Landscapes and silent spaces, reflections and serial narratives about women’s role throughout history – these are just some of the themes that Trine Søndergaard’s photographs address in the artist’s solo exhibition at Gothenburg Museum of Art.

Meaningful connections

Trine Søndergaard’s works are often characterized by a quiet sense of drama. She portrays spaces, landscapes, plants and people in photographic series featuring recurring images and tiny displacements. In a circular visual working process, images from earlier works are reproduced and enter into meaningful connections, always in a delicate balance between the spontaneous and the precise, the planned and the random.

The documentary approach that characterizes Søndergaard’s photographs is given added nuance in poetic, flowing narratives with roots in art history. She adds spaces to the reality she observes; spaces that viewers can peek into, dwell on or let their gaze wander over. 

Her work allows equal room for the mundane and the solemn, and undercurrents of melancholy, loss and the notion of the image as a mental state beyond language are recurring themes.

Exhibition and catalogue

The exhibition Trine Søndergaard 148 Works is shown at the Gothenburg Museum of Art from 18 April until 20 September 2020 and presents 148 art photographs from 2005–2020. An extensive catalogue has been created for the exhibition in a collaboration between the artist, the museum, the authors and the designer. The exhibition catalogue features new texts, written for the occasion, and lavish illustrations and offers a poetic introduction to Trine Søndergaard’s artistic oeuvre. The catalogue is published with support from the New Carlsberg Foundation.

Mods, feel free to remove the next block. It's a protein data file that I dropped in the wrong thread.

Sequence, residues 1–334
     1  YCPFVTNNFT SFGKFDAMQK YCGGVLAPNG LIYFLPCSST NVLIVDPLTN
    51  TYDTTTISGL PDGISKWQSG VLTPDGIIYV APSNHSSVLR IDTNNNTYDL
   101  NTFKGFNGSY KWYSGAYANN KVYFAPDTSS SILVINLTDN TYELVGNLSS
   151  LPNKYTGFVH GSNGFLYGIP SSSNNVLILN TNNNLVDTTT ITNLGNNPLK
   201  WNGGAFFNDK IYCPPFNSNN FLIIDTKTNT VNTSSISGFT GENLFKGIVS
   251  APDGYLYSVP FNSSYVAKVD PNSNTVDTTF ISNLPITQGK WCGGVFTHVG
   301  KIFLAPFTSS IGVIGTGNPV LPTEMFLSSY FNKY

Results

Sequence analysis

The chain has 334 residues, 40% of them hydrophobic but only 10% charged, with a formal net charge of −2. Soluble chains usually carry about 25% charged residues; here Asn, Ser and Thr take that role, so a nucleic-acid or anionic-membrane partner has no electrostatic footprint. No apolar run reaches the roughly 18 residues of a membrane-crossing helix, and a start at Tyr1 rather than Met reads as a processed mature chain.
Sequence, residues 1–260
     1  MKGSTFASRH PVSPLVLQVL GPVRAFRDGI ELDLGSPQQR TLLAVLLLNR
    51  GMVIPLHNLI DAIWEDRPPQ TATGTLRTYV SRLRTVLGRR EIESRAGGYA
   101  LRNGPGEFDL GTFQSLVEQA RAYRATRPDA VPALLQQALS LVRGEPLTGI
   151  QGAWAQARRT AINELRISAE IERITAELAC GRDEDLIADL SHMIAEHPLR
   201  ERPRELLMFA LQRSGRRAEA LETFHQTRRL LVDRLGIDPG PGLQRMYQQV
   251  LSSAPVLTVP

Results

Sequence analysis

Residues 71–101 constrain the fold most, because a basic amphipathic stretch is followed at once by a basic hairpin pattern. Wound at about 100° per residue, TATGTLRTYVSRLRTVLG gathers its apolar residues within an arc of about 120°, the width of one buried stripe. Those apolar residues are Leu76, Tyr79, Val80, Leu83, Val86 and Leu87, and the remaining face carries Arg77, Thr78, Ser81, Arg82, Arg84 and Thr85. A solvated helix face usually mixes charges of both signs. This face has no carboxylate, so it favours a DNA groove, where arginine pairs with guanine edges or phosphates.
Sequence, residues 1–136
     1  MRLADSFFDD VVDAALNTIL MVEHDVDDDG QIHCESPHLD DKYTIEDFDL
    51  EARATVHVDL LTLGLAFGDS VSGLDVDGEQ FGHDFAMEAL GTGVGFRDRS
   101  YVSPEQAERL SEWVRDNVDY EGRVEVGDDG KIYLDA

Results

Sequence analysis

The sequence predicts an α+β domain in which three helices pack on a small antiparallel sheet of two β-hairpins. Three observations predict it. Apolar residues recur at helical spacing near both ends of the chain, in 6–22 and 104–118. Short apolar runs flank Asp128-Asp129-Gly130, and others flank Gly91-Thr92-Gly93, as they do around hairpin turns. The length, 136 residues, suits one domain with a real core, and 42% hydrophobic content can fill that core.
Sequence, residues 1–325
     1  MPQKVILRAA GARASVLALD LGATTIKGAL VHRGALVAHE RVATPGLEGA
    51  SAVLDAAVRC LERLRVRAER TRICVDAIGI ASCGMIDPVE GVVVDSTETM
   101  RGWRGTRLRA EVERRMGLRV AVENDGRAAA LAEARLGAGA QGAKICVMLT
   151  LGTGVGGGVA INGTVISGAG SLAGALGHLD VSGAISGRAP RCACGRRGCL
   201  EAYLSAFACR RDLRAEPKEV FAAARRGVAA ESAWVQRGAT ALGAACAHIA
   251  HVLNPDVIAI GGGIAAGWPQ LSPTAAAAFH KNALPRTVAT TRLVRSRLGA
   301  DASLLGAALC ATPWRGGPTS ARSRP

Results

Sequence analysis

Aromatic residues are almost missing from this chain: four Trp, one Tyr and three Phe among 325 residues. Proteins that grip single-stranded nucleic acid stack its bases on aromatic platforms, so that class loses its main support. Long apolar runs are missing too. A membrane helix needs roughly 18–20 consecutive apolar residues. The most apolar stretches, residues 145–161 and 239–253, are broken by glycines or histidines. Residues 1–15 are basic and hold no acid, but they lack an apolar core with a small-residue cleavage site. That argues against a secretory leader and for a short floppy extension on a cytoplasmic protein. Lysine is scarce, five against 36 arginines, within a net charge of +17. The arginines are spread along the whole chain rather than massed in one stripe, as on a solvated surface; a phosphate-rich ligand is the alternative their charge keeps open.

About Trine Søndergaard

Trine Søndergaard (b. 1972) lives and works in Copenhagen and is considered one of the most important Danish art photographers. She has received a number of accolades, including the Albert Renger-Patzscg Prize in 2000 and the New Carlsberg Foundation’s Artist Grant in 2017. Her work is widely represented in museums in Denmark and abroad, including the National Museum of Photography and Skive Museum in Denmark, MUSAC in León, Spain, the National Museum in Oslo, The Israel Museum in Jerusalem and Maison Européenne de la Photographie in France.